“Requisites of a valid adoption—No adoption shall be valid unless— (i) The person adopting has the capacity and also the right to take in adoption; (ii) The person giving in adoption has the capacity to do so, (iii) The person adopted is capable of being taken in adoption. (iv) The adoption is made in compliance with the other conditions mentioned in this chapter.”
(1) The person adopting was lawfully capable of taking in adoption. (2) The person giving in adoption was lawfully capable of giving in adoption.
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(3) The person adopted was lawfully capable of being taken in adoption. (4) The adoption was completed by an actual giving and taking. (5) The ceremony called Datta Homam (oblation to fire) had to be performed.
(1) The person adopting has the capacity and also right to take in adoption (Section 7 & 8) (2) The person giving in adoption has the capacity to do so (Section 9). (3) The child adopted is capable of being taken in adoption, (Section 10). (4) The adoption is made in compliance with the other conditions mentioned in Chapter II i.e.
, (Section 11), which includes actual giving and taking. (5) Datta Homam is no longer necessary.
Who may adopt—Pre Law?
Any person who was not minor, and was of sound mind could adopt in case he was issueless. He could himself adopt or his widow could adopt after she had received his consent during his lifetime but such adoption was treated as adoption on behalf of her husband.
At the time of adoption there should be neither a natural son nor an adopted son. But where the natural son was of unsound mind, idiot or disabled or a victim of congential diseases, a son could be taken adoption. A girl could not be adopted as she was to be given gift by her parents themselves. Moreover she does not serve those purposes, e.g.
, to give funeral oblations or Pindadan to the father and forefathers, which a son could fulfil. The father could also adopt a son in case of conversion by his natural son to some other religion. Under old law women did not enjoy the right to take or give a son in adoption. The right to do so could be derived from her husband and whenever a son was adopted by her, he was deemed to be the son of her deceased husband. This law was based on a text of Vasishtha which read like this “Let no women give or take a son in adoption except with the consent of her husband”. This text has been interpreted by the different schools of Hindu law differently, which can be described as under— (a) According to the Mithila School, a Hindu female could adopt a son only during the lifetime of her husband, as his consent could be obtained during his lifetime, after his death she could not adopt at all. Thus adoption by her was possible only during the lifetime of her husband. (b) According to Bengal and Benaras schools of Hindu law, a Hindu female could adopt a son after the death of her husband only with his consent which she received during his lifetime.
But she could not adopt during his lifetime. (c) According to Maharashtra School, the text of Vasishtha does not restrict the right of a Hindu female to adopt a son on the death of her husband. The question of consent is relevant only when adoption is made by her during the lifetime of her husband. The widow could adopt on behalf of her minor husband and in such cases the consent of the husband was presumed. (d) The interpretation given by the Madras School of Hindu law is somewhat in between the Bengal and Maharashtra schools of Hindu law. According to this school the consent of the husband includes the consent of the collateral of the husband of the widow under whose protection she is living after the death of her husband. In other words in the absence of the consent of the husband the widow could adopt with the consent of the Sapindas of the husband.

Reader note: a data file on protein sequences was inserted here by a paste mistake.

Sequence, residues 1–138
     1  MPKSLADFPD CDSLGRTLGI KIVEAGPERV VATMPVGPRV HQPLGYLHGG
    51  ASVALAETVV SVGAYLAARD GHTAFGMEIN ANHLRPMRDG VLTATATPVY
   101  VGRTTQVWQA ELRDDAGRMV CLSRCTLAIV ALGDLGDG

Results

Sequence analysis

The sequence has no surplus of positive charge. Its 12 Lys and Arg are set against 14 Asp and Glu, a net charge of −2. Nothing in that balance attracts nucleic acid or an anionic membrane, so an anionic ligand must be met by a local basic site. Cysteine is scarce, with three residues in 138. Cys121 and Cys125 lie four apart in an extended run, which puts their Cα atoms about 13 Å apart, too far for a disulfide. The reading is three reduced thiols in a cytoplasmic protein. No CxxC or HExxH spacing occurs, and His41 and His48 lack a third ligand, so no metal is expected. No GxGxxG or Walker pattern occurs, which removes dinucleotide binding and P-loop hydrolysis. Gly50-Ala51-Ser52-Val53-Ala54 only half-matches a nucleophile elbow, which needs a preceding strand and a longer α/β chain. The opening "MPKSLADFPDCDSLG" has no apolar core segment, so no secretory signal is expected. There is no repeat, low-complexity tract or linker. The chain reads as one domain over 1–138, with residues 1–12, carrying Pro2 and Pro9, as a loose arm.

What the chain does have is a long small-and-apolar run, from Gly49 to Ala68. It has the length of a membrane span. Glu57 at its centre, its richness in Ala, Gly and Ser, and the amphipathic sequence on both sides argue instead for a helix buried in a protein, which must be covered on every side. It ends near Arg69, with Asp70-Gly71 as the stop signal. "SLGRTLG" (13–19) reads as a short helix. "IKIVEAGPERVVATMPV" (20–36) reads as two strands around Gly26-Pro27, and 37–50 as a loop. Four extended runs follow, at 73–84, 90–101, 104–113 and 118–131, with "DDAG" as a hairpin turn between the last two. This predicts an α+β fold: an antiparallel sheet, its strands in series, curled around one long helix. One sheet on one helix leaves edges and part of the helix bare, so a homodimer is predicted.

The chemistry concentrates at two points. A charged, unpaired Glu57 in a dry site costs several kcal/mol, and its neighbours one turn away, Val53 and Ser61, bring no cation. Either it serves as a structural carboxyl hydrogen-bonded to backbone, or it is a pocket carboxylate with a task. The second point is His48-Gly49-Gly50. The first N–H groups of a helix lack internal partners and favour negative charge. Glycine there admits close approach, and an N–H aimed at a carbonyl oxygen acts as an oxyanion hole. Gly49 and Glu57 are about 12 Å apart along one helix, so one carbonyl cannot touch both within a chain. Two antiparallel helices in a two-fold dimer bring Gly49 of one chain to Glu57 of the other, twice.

Thus in Madras School after the death of the husband without the consent of the guardians, that is, of Sapindas of the husband or without the prior consent of the husband a widow cannot adopt at all.
Under the present law, according to Section 6 of the Hindu Adoption and Maintenance Act there are four essential conditions for a valid adoption. These conditions are mandatory, if these conditions have not been complied with the adoption would become void. These conditions are as follows: (1) The person adopting a child has the capacity, and also the right, to take in adoption, (Sections 7 and 8) (2) The person who is giving the child in adoption has the capacity to do so.
(Section 9). (3) The person adopted is capable of being taken in the adoption. (Section 10). (4) The adoption is made in compliance with the other conditions mentioned in Section 11 of the Act.
Failure of compliance with of any these requirements will render the adoption null and void. The section is of a mandatory character. The requirements are cumulative and must be complied with. The requirement about giving in adoption by a competent person is applicable both in case of a minor and an adult person who by custom, may be adopted.
Who Can Adopt:
Sections 7 and 8 of the Hindu Adoption and Maintenance Act, 1956 lay down the rule as to who can adopt. Section 7 deals with the rights of a Hindu male to adopt a child and Section 8 deals with the rights of a female to adopt.
For a valid adoption the adoptor must have the capacity and right to adopt simultaneously.